assume no $r_j$: claim SPT optimal
 proof: local optimality argument
 consider swapping two pieces of two jobs
 suppose currently processing $k$ instead of SRPT $j$
 remaining times $p_j$ and $p_k$
 total $p_j+p_k$ time
 use first $p_j$ to process $j$, then do $k$
 some job must finish at $p_j+p_k$
 and no job can finish before $p_j$
 so this is locally optimal (for these 2 jobs)
 rounding: schedule jobs in preemptive completion order
 take preemptive schedule and insert $p_j$ time at $C_j$
 now room to schedule nonpreemptively
 how much does this slow down $j$?
 $p_k$ space inserted before $j$ for every job completing before $j$ in preemptive schedule
 in other words, only inserted $C_j$ time
 so $j$ completes in $2C_j$ time
 so 2approx
 More recently: rounding, enumeration gives PAS
LP relaxations
Three steps
 write integer linear program
 relax
 round
Vertex cover
$$ \begin{align*} &\min \sum x_i x_i+x_j &\ge 1& (i,j)\in E x_i&\in{0,1} \end{align*} $$Rounding
 At least one end of edge $\ge 1/2$
 round up to 1
 others to 0
 each vertex at most doubles
 so 2approx
 this is tight (NemhauserTrotter)
Even weighted (unlike greedy).
Facility Location
Metric version, with triangle inequality. general version as hard as set cover.
ILP $$ \begin{align*} &\min \sum f_iy_i + \sum c_{ij}x_{ij}\\ x_{ij} &\le y_i\\ \sum_i x_{ij} &\ge 1 \end{align*} $$
Step 1: filtering
 Want to assign $j$ to one of its “partial” assignments $x_{ij}>0$
 $C_j = \sum_i x_{ij}c_{ij}$ is “average” assignment cost
 and is amount accounted for in fractional optimum
 but some $x_{ij}>0$ may have huge $c_{ij}$
 which wouldn't be accounted for
 rely on “can't have everything above average”
 claim at most $1/\rho$ fraction of assignment can have $c_{ij}>\rho C_j$
 if more, average exceeds $(1/\rho)(\rho C_j)=C_j$, impossible
 so, zero out an $x_{ij}$ with $c_{ij} \ge \rho C_j$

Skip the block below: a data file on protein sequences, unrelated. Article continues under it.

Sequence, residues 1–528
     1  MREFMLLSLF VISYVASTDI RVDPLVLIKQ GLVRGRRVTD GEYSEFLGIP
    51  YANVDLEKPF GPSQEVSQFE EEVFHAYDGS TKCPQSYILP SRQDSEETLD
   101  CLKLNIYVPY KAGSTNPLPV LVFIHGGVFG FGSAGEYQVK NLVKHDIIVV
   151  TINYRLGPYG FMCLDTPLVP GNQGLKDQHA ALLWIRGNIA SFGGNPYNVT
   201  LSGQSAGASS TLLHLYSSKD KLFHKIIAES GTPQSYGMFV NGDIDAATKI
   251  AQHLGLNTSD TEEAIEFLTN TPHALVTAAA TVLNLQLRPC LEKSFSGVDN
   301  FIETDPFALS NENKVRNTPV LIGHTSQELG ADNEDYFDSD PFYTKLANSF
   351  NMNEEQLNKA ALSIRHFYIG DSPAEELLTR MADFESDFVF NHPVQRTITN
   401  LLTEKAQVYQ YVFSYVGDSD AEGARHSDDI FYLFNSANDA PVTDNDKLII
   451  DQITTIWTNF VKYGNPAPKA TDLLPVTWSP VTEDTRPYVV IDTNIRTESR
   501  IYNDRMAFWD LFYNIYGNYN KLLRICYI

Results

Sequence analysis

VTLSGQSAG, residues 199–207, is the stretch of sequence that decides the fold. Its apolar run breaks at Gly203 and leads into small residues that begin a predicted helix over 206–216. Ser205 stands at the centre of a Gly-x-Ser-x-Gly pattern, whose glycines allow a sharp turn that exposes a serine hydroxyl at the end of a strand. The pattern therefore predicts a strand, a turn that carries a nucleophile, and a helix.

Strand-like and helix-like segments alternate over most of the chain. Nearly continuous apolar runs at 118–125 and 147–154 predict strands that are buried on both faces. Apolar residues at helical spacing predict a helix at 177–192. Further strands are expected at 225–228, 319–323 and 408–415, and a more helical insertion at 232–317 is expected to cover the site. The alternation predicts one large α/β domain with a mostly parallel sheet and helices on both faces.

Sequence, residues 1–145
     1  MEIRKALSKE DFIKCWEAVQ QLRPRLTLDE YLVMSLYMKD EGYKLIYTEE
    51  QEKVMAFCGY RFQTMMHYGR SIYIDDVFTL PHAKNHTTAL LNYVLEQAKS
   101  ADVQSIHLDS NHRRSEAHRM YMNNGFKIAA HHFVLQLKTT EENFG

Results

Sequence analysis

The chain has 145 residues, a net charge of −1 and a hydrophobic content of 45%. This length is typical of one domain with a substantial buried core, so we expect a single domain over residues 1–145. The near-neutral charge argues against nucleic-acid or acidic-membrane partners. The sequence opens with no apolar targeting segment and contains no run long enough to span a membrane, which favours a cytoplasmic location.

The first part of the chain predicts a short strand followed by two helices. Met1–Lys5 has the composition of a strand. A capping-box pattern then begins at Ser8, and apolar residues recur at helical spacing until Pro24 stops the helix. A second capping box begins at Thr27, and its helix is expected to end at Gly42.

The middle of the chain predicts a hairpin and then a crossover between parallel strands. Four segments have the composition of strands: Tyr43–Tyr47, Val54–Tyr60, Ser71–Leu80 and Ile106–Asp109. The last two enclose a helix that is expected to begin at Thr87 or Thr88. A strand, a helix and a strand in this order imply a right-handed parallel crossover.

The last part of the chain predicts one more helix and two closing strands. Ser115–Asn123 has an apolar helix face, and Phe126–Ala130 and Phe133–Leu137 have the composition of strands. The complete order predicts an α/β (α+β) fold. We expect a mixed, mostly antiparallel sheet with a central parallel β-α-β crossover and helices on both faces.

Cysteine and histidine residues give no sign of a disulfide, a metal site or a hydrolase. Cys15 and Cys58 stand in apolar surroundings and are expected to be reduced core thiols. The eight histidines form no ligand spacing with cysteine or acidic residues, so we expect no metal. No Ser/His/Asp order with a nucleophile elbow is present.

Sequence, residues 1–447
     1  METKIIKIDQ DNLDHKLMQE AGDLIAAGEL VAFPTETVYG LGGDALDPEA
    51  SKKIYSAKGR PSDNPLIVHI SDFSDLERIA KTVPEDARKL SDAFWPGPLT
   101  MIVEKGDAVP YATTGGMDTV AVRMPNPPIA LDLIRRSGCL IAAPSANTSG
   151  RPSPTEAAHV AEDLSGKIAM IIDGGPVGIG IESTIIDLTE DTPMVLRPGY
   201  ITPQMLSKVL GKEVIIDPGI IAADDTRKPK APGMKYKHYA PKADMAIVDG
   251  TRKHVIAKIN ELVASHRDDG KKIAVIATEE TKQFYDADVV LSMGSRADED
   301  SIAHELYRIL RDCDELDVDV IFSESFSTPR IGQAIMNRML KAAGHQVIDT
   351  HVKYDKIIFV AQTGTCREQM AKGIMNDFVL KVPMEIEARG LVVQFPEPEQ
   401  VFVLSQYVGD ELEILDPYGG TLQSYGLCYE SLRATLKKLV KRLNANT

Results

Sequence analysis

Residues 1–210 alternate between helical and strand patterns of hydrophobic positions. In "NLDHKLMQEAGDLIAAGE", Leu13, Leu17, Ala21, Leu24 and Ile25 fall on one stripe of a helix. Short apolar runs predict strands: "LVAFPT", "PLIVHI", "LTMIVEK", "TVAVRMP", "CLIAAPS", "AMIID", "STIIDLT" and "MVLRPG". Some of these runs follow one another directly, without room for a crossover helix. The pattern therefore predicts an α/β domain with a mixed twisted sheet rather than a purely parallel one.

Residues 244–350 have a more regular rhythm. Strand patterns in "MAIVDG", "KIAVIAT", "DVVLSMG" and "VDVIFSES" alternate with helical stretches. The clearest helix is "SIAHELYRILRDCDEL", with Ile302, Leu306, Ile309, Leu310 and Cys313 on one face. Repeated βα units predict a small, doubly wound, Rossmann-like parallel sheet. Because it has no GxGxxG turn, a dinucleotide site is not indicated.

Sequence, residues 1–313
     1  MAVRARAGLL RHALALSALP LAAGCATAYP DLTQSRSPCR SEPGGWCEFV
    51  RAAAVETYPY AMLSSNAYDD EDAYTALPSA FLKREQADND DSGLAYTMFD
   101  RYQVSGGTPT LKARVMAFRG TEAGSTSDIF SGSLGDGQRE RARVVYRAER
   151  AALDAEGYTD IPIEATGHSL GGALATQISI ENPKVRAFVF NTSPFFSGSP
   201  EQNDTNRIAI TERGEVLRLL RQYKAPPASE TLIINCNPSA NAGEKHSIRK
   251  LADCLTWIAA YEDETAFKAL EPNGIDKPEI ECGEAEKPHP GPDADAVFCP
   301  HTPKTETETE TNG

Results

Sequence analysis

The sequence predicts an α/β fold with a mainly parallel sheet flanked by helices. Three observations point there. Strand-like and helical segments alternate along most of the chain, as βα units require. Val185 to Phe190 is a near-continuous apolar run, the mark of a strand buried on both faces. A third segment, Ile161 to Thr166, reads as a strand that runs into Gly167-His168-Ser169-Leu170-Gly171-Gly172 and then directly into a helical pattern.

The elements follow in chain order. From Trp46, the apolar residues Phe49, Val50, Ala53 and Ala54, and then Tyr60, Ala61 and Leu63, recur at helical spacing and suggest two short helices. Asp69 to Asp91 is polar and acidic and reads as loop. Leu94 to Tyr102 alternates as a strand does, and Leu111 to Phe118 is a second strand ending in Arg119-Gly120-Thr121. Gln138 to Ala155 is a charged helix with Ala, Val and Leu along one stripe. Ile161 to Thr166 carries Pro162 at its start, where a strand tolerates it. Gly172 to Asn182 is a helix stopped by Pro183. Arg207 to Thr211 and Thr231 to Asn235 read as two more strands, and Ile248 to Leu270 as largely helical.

and compensate by scaling up other $x_{ij}$ by $1/(11/\rho)$ factor
 Also have to increase $y_i$ by $1/(11/\rho)$ factor to “make room”
 New feasible solution to LP
 no longer necessarily optimal
 Now, assignment of client $j$ to any nonzero $x_{ij}$ costs at most $\rho C_j$
 So, total assignment cost at most $\rho\sum C_j$
Step 2: Facility opening: intuition
 To assign, need to open facilities
 If $y_i$ small, opening facility isn't paid for
 So, find a cluster of facilities of total $y_i > 1$
 Open minimum cost facility
 Cost $f_{\min}\le f_{\min}\sum y_i = \sum f_{\min}y_i \le \sum f_i y_i$ so LP upper bounds cost
 Everything in cluster nearby, so using opened facility as “proxy” for all others without adding much cost
Step 2: Facility opening: details
 Choose client with minimum $C_j$
 Take all his “available” facilities ($c_{ij} < \rho C_j$)
 Open the cheapest and zero the others
 So cost at most $\sum f_i y_i$ over $i$ in cluster
 assign every client that has nonzero $x_{ij}$ to
any node in cluster
 cost of assigning $j'$
 $\le \rho C_{j'}$ to reach its nonzero $x_{i'j'}$ in cluster
 then distance from $i'$ to $i$ is at most $2\rho C_j \le 2\rho C_{j'}$ by choice of $j'$
 so total $3\rho C_j$ by metric property
 Now iterate
Combine:
 multiplied $y_i$ by $1/(11/\rho)=\rho/(\rho1)$
 multiplied assignment costs by $3\rho$
 note $x_{ij}$ are used only to identify “feasible” facilities to connec to
 so assignment cost not affected by scaling up $x_{ij}$
 for balance, set $\rho=4/3$ and get 4approx
 other settings of $\rho$ yield bicriteria approximation trading facility and connection approximation costs
Further research progress has yielded
 1.5approximation
 .463hardness result.
 Other algorithms based on greedy and local search.
MAX SAT
Define.
 literals
 clauses
 NPcomplete
random setting
 achieve $12^{k}$ (k is the number of literals in each clause)
 very nice for large $k$, but only $1/2$ for $k=1$
LP $$ \begin{eqnarray*} \max &&\sum z_j\\ \sum_{i \in C_j^+} y_i + \sum_{i \in C_j^} (1y_1) &\ge &z_j \end{eqnarray*} $$
 $\beta_k = 1(11/k)^k$. values $1,3/4,.704,\ldots$
 Random round $y_i$
 Lemma: $k$literal clause sat w/pr at least $\beta_k \zhat_j$.
 proof:
 assume all positive literals.
 prob $1\prod(1y_i)$
 maximize when all $y_i=\zhat_j/k$.
 Show $1(1\zhat/k)^k \ge \beta_k \zhat$.
 at $z=0,1$ these two sides are equal
 in between, right hand side is linear
 first deriv of LHS is $(1z/k)^k=1$ at $z=0$; second deriv is $(11/k)(1z/k)^{k2}< 0$
 so LHS cannot cross below and then return, must always be above RHS
 Result: $(11/e)$ approximation (convergence of $(11/k)^k$)
 much better for small $k$: i.e. $1$approx for $k=1$
LP good for small clauses, random for large.
 Better: try both methods.
 $n_1,n_2$ number in both methods
 Show $(n_1+n_2)/2 \ge (3/4)\sum \zhat_j$
 $n_1 \ge \sum_{C_j \in S^k} (12^{k})\zhat_j$
 $n_2 \ge \sum \beta_k \zhat_j$
 $n_1+n_2 \ge \sum (12^{k}+\beta_k) \zhat_j \ge \sum \frac32\zhat_j$